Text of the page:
Right to Remove officers
The congregation that selects and appoints its elders and deacons also has the right to remove them from office if they become disqualified. Men can become immoral or inactive in duty while in office. When such becomes the case, the church may remove them. Yea, it must remove them!
Brother Flannery states, "The church the right, if reason or scripture demands it, to remove elders from their appointment. If their judgment, when guided by the Bible, enables them to properly decide who of their membership shall serve as elders, why should it be considered improper for the very same people with the very same Bible to be able to remove the eldership from any who neglect the work, or who become unqualified for that work? No organization on earth fails to provide legal means for the removal from office those officials who disqualify themselves by inability or in other ways" (Ibid. page 7).
Quoting brother DeHoff again, "The same power that can make a man an elder can unmake him.... The church that can select a man as an elder can remove him as an elder There is just as much scripture for 'firing' an elder as there is for 'firing' a preacher and we do that every time we get ready. . . . The next verse that says something about firing the preacher tells exactly how to fire an elder and I am amazed that anybody would run around talking about, If you are once an elder you are always an elder. That is not true" (Ibid. page 272).
Right to Be informed
Every congregation has the right to know what is going on. Many times, business meetings are conducted and the members that are not present are never informed of the transactions. Reports from preachers that the church is helping to support may be read by a few (elders, deacons, preacher), but the church is not told about it. Some elders never let the church know the financial condition of the church. No financial report is ever given. It is kept secret. This is wrong! The church has a right to know.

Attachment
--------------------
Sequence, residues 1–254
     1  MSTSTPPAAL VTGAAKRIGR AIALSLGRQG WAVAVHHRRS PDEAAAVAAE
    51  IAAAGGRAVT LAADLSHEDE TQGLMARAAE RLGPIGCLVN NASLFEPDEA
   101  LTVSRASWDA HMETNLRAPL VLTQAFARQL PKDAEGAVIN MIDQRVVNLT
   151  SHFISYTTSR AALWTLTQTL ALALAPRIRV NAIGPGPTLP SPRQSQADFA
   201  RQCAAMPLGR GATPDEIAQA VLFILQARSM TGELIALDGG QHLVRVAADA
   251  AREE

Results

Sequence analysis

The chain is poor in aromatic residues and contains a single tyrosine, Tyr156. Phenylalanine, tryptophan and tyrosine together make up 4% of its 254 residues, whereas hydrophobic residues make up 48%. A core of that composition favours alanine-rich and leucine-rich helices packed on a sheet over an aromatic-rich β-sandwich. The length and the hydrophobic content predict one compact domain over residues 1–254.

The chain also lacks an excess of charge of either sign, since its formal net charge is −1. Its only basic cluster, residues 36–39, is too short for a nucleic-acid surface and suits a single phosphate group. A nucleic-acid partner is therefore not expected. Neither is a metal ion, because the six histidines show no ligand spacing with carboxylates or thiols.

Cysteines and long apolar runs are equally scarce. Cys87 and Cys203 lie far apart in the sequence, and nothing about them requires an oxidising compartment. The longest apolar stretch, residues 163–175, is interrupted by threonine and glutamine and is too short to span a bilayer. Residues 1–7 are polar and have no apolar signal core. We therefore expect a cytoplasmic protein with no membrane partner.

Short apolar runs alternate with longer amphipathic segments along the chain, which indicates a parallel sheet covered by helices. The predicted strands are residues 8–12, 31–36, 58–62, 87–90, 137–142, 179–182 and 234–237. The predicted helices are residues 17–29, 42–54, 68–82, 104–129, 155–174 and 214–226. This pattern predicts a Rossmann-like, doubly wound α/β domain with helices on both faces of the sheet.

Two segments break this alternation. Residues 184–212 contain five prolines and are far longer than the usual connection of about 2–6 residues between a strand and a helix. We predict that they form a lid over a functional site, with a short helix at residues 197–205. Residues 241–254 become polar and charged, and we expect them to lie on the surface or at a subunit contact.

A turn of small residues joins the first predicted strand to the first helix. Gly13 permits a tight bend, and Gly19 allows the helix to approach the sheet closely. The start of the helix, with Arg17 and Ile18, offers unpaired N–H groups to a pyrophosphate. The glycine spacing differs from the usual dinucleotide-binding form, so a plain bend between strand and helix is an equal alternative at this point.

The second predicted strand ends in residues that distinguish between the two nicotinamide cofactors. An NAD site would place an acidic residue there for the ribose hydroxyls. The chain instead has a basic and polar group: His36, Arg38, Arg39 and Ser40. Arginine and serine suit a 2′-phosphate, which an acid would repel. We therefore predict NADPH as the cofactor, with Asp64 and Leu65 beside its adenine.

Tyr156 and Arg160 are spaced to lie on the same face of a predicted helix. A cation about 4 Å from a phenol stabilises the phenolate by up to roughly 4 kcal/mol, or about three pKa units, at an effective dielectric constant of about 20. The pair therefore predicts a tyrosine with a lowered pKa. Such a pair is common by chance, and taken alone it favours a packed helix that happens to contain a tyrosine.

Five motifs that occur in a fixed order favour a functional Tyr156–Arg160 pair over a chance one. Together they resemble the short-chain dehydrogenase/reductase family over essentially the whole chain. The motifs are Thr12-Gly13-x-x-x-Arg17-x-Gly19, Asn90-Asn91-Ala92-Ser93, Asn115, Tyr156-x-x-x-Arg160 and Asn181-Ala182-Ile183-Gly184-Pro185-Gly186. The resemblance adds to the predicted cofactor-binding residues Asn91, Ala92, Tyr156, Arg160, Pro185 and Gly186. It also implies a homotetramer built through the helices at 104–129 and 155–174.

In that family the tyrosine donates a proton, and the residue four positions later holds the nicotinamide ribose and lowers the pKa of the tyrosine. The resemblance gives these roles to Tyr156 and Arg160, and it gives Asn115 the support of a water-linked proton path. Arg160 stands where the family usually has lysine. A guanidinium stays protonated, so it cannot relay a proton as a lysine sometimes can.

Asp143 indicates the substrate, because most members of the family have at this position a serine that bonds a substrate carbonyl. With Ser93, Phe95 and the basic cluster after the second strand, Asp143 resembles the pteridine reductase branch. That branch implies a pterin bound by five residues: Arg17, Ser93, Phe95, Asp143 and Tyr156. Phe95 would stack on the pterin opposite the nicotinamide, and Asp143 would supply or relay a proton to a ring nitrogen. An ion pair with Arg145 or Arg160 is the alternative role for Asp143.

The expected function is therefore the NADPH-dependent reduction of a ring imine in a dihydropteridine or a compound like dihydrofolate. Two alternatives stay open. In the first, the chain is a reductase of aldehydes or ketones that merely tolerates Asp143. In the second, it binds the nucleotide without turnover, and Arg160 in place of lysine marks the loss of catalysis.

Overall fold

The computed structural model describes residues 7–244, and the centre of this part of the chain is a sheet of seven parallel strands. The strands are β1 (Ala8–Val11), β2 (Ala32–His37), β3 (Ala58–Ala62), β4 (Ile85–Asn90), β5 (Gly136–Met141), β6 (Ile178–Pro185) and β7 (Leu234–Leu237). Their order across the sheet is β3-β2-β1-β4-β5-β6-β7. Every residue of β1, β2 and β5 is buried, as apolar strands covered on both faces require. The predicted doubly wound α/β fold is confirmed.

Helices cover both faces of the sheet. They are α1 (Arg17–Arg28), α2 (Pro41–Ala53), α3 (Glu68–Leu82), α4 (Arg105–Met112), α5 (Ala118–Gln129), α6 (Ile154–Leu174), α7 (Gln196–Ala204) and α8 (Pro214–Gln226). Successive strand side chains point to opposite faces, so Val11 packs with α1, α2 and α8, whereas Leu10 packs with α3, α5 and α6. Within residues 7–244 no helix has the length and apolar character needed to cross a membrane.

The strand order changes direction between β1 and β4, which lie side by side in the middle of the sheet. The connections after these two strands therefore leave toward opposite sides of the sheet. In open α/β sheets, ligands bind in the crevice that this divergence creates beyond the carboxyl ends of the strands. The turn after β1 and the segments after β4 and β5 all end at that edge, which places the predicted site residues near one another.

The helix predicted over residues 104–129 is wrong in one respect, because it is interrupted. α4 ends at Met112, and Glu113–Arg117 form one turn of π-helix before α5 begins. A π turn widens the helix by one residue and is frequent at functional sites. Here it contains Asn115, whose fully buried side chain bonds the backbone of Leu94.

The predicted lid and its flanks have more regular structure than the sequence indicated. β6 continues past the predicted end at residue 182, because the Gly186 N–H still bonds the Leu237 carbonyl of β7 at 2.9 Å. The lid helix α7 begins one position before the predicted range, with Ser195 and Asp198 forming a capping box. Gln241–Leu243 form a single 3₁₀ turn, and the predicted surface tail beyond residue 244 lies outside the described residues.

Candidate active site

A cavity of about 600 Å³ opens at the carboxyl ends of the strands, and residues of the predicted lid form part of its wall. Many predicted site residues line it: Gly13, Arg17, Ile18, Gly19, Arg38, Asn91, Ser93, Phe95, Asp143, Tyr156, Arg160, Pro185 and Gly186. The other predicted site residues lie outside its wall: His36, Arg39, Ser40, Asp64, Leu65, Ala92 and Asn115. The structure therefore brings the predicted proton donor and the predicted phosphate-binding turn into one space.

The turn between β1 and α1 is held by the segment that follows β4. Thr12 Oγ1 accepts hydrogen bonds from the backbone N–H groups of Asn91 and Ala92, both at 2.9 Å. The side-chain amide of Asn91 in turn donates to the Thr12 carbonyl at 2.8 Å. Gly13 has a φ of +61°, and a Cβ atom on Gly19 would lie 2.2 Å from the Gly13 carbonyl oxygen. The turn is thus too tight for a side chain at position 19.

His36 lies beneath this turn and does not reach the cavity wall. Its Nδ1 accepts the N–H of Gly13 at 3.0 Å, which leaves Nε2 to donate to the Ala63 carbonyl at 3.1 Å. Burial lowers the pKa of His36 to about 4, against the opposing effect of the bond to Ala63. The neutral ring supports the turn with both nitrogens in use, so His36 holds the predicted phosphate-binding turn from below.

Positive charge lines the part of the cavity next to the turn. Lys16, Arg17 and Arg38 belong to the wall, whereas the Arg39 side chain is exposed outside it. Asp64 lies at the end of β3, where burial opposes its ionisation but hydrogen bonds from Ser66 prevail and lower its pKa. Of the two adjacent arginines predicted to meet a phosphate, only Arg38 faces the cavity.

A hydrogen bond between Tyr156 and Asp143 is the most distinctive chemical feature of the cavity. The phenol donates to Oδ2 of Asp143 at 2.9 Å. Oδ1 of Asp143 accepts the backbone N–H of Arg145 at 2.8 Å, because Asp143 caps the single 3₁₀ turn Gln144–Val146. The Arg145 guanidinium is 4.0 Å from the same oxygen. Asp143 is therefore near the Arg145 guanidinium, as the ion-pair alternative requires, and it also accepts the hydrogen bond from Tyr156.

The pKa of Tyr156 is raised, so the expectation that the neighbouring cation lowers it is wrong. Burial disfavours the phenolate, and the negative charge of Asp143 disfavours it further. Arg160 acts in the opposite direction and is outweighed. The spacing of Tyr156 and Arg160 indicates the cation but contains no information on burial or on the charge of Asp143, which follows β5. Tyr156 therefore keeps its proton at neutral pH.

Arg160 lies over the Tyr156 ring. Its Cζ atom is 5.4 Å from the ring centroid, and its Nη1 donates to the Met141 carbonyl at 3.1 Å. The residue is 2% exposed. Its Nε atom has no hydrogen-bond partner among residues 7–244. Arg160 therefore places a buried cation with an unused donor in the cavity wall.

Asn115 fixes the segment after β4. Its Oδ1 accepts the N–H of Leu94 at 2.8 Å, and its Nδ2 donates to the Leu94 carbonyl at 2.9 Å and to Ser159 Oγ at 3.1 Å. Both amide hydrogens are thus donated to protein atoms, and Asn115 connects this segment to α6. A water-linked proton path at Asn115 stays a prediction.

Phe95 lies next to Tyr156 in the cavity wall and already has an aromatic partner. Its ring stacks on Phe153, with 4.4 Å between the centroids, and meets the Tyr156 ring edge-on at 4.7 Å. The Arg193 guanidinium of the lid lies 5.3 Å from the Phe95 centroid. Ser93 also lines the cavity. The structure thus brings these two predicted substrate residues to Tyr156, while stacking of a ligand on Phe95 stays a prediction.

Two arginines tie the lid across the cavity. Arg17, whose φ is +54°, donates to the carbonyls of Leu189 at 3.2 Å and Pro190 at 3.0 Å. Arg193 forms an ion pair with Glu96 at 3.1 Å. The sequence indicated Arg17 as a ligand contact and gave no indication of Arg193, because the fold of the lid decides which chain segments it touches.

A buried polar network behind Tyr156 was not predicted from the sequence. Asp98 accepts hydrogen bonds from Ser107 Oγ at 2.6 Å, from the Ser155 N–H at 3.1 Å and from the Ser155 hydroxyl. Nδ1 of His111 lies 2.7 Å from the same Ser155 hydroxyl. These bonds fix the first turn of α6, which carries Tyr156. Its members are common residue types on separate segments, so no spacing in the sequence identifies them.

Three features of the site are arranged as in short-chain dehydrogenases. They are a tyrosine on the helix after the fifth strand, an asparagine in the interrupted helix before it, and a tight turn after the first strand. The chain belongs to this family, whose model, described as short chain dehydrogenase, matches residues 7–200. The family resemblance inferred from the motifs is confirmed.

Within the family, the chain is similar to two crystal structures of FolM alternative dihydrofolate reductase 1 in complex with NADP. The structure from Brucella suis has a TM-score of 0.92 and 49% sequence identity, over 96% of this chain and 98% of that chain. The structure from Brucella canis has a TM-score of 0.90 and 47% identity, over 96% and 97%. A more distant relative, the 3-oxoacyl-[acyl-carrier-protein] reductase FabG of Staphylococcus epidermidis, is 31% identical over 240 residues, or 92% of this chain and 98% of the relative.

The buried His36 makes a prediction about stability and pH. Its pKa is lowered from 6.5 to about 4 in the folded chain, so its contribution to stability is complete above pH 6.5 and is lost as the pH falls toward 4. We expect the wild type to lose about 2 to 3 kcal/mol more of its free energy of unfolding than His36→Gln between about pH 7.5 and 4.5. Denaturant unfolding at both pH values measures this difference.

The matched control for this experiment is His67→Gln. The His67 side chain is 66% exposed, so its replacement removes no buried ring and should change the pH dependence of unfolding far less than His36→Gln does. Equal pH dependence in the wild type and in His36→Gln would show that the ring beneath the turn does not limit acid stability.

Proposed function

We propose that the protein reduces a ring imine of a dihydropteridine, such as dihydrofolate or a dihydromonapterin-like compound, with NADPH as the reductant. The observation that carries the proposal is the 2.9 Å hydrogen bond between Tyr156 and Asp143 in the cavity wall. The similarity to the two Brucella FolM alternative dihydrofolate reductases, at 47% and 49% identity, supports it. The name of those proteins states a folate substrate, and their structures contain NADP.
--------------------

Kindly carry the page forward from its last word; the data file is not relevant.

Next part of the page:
Information that relates to the congregation or concerns the congregation should be disclosed to the congregation. Sometimes a congregation is never told who the preacher is going to be until it is time for him to move to a place. The pulse of the church should be felt when hiring a preacher. After all, the church has to work with him. So, it should be given some consideration. The attitude, "It's none of the congregation's business," is a poor attitude.
The Bible teaches that the church was informed in New Testament times. When Paul and Barnabas returned to Antioch after their first preaching tour, we read, "And when they were come, and had gathered the church together, they rehearsed all that God had done with them, and how he had opened the door of faith unto the Gentiles" (Acts 14:27). The church at Jerusalem was in attendance at the Jerusalem conference because it concerned those disciples. Note Acts 15:4, 22.
Remember that the church is God's heritage. Although the elders have the authority to oversee, the deacons the authority to serve and the preacher the authority to preach the Word, the church has its God-given rights, too. Let's honor them!
TRUTH MAGAZINE, XV: 45, pp. 11-13